Upgrades defense behind a thin starting rotation
The Mariner rotation currently consists of Felix Hernandez, Hisashi Iwakuma, and a number of young players of varying appeal competing for three spots. Upgrades can still be made, but barring something very unexpected the rotation probably won't be considered one of the Mariners' strengths on Opening Day 2013. Any defensive improvements should be welcomed.
Bourn might not provide a significant instant upgrade in center field given that Franklin Gutierrez is currently slated to start, but he is a better bet to remain at the position all season. Furthermore, the Mariners could opt to use Gutierrez in a corner spot. On days when one of the weaker or fly-ball-reliant starting pitchers takes a turn, manager Eric Wedge could roll out a bulletproof outfield of Gutierrez, Bourn and Michael Saunders, bumping Michael Morse to first base/designated hitter.
Even if Morse remains in the outfield on occasion, having Gutierrez as a spot-starter and late game defensive specialist certainly doesn't hurt the pitching staff.
Takes Dustin Ackley out of the leadoff spot
The Ackley we were promised would have made a great leadoff hitter. The Ackley we received shouldn't have been hitting there. Until he proves that he can be an on-base threat as advertised, the Mariners will be better off with someone else in the leadoff spot. If shedding the pressure that comes with that role has a positive impact on Ackley, even better.
Bourn is the traditional leadoff hitter in that he has speed for days, but he also possesses good enough on-base skills to qualify by modern standards. Bourn has a .348 OBP over his past four seasons and has extensive experience in the role.
Increases likelihood of a Justin Smoak demotion
Wedge recently stated that Smoak will open camp as the frontrunner at first base. As I wrote earlier in the week, I'd prefer the Mariners begin the season by leaning on the veterans they've acquired while letting Smoak prove his latest offensive hot streak in AAA. An injury or someone's ineffectiveness could create an opportunity for Smoak to return sooner than later, while a July trade of one of the vets sharing first base could give him additional breathing room.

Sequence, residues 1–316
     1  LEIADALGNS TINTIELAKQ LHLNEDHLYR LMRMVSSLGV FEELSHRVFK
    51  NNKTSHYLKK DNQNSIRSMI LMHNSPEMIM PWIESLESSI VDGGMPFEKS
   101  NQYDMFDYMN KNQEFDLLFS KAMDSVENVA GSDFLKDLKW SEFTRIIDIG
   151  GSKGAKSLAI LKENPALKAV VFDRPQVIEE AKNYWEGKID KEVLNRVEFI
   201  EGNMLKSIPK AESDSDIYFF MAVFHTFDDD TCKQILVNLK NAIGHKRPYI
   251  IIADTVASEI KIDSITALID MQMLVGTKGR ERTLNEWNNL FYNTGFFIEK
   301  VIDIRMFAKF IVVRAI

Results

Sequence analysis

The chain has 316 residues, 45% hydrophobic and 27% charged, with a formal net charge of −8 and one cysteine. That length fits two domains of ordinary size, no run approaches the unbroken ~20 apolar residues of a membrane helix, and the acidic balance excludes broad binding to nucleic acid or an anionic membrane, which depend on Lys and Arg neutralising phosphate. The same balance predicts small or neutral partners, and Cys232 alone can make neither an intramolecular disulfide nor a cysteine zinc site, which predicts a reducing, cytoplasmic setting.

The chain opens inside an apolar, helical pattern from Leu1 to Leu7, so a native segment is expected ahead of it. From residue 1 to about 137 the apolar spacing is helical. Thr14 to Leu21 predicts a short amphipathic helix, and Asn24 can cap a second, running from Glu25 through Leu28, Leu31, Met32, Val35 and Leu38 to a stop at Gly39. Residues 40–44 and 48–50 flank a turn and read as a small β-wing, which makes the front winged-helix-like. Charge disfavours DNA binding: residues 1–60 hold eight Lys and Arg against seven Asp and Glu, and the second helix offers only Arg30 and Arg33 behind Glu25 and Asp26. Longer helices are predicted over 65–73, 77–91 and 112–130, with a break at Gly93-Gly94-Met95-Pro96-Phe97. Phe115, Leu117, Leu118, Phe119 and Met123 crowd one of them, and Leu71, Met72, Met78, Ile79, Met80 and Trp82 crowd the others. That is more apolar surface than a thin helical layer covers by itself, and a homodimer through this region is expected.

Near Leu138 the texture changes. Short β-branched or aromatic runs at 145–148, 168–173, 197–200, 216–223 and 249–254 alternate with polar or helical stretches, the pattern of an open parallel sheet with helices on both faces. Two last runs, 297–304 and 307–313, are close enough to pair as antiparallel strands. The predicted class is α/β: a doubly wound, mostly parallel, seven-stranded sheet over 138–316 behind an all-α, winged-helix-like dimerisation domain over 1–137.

There are good arguments to be made for Smoak being in the big league lineup as long as he's showing anything at all, but the idea of keeping Morse out of the outfield is far more appealing to me. Bringing in Bourn could help persuade Wedge and Zduriencik that Morse is a non-outfielder or, as alluded to above, at very least a non-everyday outfielder.
Ends the Jason Bay experiment before it starts
Smoak making the team probably kills Bay's chances, but a Bourn signing definitely would. While it would be great to see Bay resurrect his career, most reasonable people would agree that the odds of it happening are so low that it's hardly worth taking the flyer.
Fans seem to be warming up to the idea of Bourn now that the other "big" options are off the table and the Mariners have brought in some power. I would have been fine with the signing early in the offseason, but at this point I find myself almost rooting for the Mariners to make it happen. With Bourn and, if possible, a pitcher, the Mariners seem capable of at least keeping their A.L. West rivals honest.
How do you see this playing out? Would you like to see Bourn in a Mariner uniform?